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    Gas Reserve Saves Money for Minnesotans

    First Fuel Banks allows customers to buy gasoline for the future; many customers are filling up for less than $2 a gallon.

    ST. CLOUD, Minn.--While motorists across the nation are feeling pain at the pump, customers of Minnesota’s First Fuel Banks are enjoying the luxury of cheap gas. First Fuel Banks bills itself as the only retailer in the country where customers can buy gasoline for the future and hedge against rising prices, reported the Associated Press.

    Customers can buy gallons of gas from the retailer and tap into that reserve whenever gas rises above the price that they originally purchased the fuel. For example, one customer, a retired milk truck driver, bought 500 gallons of gas at First Fuel Banks a year ago at the then-current price of $2.03 a gallon. He taps that reserve whenever gas rises above that mark. If the retail price drops below $2.03, he can leave his reserve alone and buy elsewhere, reported AP.

    The company advertises no service charge and no storage charge, just a $1 lifetime membership fee, according to the report.

    Both people and businesses buy gas from the company, which has six stations in and around this central Minnesota city. The city of St. Cloud fills its fleet of cars at the company's stations, AP reported.

    The program is open to anyone who drives in off the street. Customers buy whatever amount they want at the current price -- the most ever purchased in advance was $400,000 worth -- then swipe a card and key in a PIN number when they draw from their reserve, according to the report.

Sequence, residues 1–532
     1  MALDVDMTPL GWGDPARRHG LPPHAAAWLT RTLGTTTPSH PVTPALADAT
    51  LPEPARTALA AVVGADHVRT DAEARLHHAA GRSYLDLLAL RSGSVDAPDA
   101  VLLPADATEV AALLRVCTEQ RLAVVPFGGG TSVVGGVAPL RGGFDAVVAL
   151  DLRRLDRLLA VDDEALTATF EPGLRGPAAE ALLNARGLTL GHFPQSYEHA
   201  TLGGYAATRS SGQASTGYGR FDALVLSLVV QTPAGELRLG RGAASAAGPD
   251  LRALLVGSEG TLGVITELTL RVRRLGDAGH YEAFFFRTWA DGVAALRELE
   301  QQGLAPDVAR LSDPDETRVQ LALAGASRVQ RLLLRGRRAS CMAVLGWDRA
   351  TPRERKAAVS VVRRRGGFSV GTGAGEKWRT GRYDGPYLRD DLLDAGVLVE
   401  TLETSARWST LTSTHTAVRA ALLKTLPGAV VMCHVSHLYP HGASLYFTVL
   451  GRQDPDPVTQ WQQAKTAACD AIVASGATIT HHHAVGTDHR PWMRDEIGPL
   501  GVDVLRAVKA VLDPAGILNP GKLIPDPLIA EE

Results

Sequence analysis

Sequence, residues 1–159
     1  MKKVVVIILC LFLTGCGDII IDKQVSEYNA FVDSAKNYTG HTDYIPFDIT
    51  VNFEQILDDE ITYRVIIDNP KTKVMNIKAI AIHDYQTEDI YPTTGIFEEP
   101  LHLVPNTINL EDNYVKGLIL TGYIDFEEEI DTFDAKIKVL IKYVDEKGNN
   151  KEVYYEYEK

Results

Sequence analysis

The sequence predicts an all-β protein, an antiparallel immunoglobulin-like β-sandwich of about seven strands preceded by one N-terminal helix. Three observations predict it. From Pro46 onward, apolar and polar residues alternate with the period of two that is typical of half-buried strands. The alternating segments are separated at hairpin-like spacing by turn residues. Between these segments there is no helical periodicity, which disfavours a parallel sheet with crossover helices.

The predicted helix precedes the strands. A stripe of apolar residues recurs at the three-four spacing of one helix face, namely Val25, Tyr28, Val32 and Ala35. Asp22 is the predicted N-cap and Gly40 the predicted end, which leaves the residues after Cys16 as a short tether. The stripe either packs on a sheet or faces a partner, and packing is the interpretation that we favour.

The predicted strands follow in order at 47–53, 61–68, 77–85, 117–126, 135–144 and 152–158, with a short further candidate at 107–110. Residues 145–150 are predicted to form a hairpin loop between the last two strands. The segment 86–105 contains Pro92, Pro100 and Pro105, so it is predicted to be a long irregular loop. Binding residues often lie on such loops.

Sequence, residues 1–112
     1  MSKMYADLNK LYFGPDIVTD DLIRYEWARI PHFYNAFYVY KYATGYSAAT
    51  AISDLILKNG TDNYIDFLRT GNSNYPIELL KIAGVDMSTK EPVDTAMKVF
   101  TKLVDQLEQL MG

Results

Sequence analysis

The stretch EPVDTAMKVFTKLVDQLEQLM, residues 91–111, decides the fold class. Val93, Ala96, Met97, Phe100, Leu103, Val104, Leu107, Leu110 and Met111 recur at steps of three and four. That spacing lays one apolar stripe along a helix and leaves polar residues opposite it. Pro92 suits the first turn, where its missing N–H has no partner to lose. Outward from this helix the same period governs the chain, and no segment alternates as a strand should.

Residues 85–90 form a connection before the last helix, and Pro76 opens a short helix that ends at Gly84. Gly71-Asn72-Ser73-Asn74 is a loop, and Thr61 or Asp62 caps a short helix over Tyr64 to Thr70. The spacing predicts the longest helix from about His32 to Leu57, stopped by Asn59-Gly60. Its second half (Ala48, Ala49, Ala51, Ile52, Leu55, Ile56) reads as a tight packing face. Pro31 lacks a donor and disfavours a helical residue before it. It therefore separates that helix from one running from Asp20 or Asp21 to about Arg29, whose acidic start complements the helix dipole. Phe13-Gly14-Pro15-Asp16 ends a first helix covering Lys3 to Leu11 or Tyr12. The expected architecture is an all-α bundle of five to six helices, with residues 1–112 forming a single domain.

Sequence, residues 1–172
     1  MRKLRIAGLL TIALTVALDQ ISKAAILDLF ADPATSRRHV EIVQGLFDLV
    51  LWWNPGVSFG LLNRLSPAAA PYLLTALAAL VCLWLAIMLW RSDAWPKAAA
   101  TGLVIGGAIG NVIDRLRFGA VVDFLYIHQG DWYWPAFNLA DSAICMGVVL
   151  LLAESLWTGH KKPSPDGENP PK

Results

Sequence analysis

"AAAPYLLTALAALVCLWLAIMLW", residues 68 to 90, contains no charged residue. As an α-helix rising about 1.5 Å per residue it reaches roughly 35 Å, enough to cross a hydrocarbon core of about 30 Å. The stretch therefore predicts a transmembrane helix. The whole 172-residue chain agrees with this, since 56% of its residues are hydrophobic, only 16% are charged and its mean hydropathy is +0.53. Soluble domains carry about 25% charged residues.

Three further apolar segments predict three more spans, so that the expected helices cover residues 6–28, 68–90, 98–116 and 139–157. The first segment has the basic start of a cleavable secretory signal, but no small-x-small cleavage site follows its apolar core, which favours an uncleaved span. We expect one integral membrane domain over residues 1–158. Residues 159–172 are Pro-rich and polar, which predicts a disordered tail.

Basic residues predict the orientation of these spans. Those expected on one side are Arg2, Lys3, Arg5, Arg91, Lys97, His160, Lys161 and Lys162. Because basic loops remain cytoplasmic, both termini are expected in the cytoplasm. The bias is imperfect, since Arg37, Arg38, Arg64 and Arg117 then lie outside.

Chief Executive Jim Feneis, who runs the company with his brother Dan, said in the report that 300 of its members are still filling up with gas that cost them less than a buck a gallon as recently as 2002. Many more are locked in under $2.

    "We're offering a pretty attractive concept to the savvy buyer,” Jim Feneis told AP.
    Each station has a 50,000-gallon tank for each grade of gasoline -- regular, mid-grade and premium -- compared with 6,000 to 8,000 gallons for each product at a typical convenience store, he said.

    That is enough capacity to handle short- and medium-term demand, he told AP. For people holding onto reserves for a year or longer, the company hedges its obligations by buying gasoline futures contracts on the New York Mercantile Exchange.

    First Fuel Banks started with a single station in 1982 and now has about 8,000 members, Feneis said in the report. It makes its money just by selling gasoline, diesel and some specialty fuels since its stations are not convenience stores.

    He told AP it has less than 5 percent of the St. Cloud area market. But he added that it is just one part of a larger business, East Side Oil Co., hat has other divisions such as oil recycling.

    A few other stations in the country have tried a similar approach, but none has succeeded, he told AP

    Lance Klatt, executive director of the Minnesota Service Station and Convenience Store Association, told AP he can understand why--price volatility and risk.

    "There's no margins anyway" in the gasoline business, he said in the AP report.

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